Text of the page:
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Sourcing Summit: Using Digital Sampling and Shorter Timelines for Efficient Inventory Planning

Rivet's 2020 Denim Circularity report takes a deep dive into how the global denim industry is plotting its circular future amidst a worldwide pandemic.

Inventory planning is one of the fashion supply chain areas hit hardest by the Covid-19 pandemic. Closed stores and paused production earlier in the year forced the industry to essentially skip a season, leaving retailers and the rest of the supply chain uncertain how to move forward.

Gucci is one of several fashion leaders that have committed to going “seasonless,” offering styles as consumers need them, rather than in accordance with an outdated fashion calendar. Others are following suit, pointing to what may be the new normal for the fashion industry.

Forgoing the traditional calendar not only creates less waste—theoretically, brands won’t just produce a collection for the sake of it—but it also just makes sense. Like many, Gary Wassner, CEO of Hilldun Corporation, saw the pandemic as an opportunity to reset fashion, and organized a “Rewiring Fashion” group of experts dedicated to making positive, long overdue change in the industry.

“The purpose of that was to change the calendar to make it something more appropriate,” he said during the R/Evolution Sourcing Journal Summit panel discussion. “For the past 10 years, all product was being delivered at the end of July and August. It made absolutely no sense to anybody, and yet it was so set in stone in the industry in terms of everybody’s production cycles and shipping cycles, that it never got changed.”

The pandemic was an opportunity for the industry to pause, reflect on its traditional practices and approach them more mindfully.

For panelist Margaret Kutt, senior director of product development, Newtimes Group, the first order of business is adjusting the planning timeline for brands and retailers.

“Don’t give them so much time,” she said. “Right now, the cadence and the calendar are so long that there’s ample time for them to come back and make loads of changes to the original design—they change the colors, they change the specs, they change everything—so the end product looks nothing like what they started out with most of the time.”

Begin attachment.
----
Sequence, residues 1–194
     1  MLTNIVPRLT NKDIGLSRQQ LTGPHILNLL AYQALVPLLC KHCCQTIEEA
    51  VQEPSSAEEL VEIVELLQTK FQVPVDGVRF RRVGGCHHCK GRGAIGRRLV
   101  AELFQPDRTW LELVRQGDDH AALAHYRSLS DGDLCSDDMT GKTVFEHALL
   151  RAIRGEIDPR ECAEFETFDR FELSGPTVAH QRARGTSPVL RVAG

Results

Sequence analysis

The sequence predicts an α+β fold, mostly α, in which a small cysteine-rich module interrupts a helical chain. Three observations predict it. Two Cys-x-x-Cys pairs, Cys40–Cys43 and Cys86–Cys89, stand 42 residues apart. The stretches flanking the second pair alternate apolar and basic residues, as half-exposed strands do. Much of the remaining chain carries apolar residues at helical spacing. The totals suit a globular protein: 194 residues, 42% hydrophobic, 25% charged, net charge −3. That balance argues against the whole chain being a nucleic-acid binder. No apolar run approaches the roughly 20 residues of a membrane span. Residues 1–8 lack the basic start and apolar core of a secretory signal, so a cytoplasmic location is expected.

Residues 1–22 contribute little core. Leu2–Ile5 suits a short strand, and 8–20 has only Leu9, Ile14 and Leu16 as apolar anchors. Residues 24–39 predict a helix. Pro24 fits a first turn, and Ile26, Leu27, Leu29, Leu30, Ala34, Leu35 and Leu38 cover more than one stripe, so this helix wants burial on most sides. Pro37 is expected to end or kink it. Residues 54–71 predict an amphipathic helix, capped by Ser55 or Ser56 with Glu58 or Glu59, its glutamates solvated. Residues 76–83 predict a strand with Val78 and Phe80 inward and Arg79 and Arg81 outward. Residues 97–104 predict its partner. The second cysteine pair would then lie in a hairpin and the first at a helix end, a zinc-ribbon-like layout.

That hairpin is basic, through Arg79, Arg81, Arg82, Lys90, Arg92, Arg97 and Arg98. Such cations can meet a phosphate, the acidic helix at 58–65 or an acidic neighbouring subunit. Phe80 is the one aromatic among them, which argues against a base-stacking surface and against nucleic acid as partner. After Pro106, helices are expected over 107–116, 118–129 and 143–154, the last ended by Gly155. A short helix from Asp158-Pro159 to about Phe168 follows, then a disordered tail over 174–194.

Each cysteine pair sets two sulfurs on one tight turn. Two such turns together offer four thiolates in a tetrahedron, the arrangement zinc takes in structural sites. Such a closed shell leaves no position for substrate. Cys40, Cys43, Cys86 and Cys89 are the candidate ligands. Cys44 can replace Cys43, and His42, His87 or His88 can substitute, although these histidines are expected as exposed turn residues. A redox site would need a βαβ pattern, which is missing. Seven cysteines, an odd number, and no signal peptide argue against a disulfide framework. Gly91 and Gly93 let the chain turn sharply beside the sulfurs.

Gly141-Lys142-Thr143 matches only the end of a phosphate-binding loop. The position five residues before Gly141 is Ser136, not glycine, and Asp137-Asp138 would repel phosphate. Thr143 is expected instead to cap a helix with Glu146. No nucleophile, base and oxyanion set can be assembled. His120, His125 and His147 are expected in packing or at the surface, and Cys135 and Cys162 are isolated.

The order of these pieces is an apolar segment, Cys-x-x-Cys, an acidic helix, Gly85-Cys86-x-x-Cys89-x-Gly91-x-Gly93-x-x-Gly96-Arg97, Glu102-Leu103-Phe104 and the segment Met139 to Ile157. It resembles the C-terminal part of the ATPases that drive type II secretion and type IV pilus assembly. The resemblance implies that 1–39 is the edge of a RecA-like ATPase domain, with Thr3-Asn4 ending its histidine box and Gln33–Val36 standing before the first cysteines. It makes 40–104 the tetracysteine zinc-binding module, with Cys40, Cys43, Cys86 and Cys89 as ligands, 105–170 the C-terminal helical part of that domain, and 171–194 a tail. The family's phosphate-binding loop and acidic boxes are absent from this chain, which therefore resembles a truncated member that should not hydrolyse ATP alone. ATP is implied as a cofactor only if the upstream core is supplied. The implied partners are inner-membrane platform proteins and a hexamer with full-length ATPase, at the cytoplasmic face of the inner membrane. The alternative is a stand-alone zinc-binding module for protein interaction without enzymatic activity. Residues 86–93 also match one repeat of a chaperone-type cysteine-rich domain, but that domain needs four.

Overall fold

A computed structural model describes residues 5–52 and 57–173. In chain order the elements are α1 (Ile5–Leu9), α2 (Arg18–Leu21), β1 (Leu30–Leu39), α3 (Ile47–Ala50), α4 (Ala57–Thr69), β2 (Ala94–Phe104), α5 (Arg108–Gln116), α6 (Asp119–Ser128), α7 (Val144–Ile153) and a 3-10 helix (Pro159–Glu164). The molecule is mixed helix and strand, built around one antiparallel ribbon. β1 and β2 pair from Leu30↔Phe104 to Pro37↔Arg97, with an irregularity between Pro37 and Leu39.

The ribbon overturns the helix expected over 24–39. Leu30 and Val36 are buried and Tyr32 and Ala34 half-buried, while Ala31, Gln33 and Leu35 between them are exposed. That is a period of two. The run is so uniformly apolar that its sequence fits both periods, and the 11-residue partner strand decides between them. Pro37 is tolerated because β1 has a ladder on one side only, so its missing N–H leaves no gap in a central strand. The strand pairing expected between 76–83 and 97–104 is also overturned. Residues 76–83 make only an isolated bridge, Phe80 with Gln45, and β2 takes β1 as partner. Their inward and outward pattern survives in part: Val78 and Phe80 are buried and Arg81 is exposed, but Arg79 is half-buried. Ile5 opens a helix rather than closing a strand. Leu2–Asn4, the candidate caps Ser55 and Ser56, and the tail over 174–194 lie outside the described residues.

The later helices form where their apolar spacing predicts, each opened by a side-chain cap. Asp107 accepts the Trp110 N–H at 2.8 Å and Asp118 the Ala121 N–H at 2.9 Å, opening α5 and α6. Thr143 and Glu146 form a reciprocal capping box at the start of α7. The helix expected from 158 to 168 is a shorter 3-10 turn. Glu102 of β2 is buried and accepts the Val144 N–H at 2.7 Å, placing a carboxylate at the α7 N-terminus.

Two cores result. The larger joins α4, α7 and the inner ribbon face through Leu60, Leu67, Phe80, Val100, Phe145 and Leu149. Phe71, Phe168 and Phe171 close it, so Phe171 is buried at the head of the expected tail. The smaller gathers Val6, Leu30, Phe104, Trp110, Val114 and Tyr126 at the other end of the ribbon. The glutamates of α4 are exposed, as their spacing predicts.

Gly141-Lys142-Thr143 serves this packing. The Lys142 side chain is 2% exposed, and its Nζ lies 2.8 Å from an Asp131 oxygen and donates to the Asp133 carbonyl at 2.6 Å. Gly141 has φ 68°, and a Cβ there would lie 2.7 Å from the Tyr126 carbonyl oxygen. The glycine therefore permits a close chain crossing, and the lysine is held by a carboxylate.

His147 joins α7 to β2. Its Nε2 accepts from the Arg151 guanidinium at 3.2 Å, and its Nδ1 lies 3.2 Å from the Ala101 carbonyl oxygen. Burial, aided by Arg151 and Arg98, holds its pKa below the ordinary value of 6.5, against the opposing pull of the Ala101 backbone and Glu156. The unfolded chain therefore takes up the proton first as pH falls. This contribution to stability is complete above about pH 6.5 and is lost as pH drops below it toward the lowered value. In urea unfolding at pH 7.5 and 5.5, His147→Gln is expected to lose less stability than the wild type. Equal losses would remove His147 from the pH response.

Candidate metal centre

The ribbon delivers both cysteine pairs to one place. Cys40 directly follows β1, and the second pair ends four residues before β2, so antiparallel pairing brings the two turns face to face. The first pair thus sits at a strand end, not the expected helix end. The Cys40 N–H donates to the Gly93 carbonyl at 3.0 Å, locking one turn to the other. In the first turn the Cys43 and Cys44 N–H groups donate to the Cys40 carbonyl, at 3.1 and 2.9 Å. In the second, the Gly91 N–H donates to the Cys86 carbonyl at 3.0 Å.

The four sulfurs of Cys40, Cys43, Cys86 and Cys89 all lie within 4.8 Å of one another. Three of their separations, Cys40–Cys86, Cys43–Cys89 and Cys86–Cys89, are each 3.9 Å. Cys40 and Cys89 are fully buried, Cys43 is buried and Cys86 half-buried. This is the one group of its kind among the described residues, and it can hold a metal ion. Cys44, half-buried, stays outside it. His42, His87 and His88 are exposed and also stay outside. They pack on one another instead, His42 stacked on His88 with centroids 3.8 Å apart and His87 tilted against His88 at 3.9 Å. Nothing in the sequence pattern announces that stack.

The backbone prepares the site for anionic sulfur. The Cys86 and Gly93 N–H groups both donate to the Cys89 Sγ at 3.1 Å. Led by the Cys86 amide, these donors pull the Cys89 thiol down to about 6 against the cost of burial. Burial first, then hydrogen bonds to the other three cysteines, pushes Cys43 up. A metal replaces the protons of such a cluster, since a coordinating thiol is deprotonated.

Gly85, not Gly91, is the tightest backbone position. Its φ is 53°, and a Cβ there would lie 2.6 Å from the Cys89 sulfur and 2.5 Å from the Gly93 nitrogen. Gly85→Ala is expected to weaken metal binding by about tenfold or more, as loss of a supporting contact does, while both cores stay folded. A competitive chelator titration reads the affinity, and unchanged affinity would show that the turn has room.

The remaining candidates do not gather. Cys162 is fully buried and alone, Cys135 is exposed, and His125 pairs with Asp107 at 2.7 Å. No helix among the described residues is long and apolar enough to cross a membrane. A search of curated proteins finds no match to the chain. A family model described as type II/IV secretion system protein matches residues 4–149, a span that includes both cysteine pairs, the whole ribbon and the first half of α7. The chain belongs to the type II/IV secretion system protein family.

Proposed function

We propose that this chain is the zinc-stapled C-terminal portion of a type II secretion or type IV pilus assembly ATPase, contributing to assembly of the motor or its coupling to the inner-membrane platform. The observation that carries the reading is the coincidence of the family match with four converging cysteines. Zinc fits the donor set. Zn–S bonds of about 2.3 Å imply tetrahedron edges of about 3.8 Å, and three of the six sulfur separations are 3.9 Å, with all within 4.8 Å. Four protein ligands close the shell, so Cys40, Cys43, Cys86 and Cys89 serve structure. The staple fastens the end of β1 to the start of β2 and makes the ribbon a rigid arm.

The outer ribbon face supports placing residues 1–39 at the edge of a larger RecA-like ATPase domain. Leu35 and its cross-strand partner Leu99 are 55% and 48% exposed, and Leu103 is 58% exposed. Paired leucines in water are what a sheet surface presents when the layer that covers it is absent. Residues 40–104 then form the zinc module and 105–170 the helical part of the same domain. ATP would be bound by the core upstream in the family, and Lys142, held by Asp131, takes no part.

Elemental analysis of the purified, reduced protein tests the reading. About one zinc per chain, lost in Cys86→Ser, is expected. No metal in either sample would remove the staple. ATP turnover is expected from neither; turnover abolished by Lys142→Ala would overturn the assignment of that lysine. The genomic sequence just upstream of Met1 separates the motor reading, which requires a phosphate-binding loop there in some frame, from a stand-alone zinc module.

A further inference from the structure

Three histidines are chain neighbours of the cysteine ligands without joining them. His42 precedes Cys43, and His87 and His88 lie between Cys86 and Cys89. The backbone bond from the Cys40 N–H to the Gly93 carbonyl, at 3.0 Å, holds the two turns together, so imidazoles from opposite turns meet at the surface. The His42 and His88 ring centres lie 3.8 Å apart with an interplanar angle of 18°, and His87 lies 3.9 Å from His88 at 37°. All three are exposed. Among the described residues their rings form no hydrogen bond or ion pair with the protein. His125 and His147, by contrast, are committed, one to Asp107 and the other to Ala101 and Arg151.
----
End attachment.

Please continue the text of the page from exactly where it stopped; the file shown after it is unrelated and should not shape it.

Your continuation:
Compressing the calendar and planning for collections closer to the appropriate season leaves less room for changes. “[In that case,] you give the design, you develop the product, and you go with it. You do not mess with it once you’ve signed off on it,” she added.

It may sound like an oversimplification of a complicated process, but Kutt notes that this is possible with industry-wide adoption of 3-D design. At Newtimes, Kutt works closely with the digital sampling process and earns trust of those who are skeptical.

“So many clients are still wary of 3D because they’re so used to seeing physical samples—they’re so used to getting that parcel and opening, touching, looking at it and then giving feedback,” she said.

To assuage their concerns, the company provides them with a physical sample as well as a 3D digital image so they can compare the two. The company also has clients perform line reviews and experiment with outlet store collections in 3D to get more accustomed to the new process—which Kutt says makes sense financially, logistically and environmentally.

Switching to digital sampling and narrowing down the production timeline can translate to big financial savings, as panelists said it can cost anywhere from $1,000 to $2,000 per sample. A lot of these costs, noted Erik Olson, vice president of product development and sourcing at Crocs, are often only understood by a select few on the team. To create more efficiencies and better cost savings, teams must clearly communicate their process and all of the associated costs.

“I think on the development side, it’s really important to educate the rest of your organization about some of these costs that are not really calculated out right away until you look at the sampling and the cost of changing and all those things,” he said. “It’s not well understood. So we do need to do a better job of explaining to our organizations how these margins get attacked.”

All the session’s from this year’s Sourcing Journal Summit, R/Evolution, are available on-demand for the first time. Follow this link for more information.

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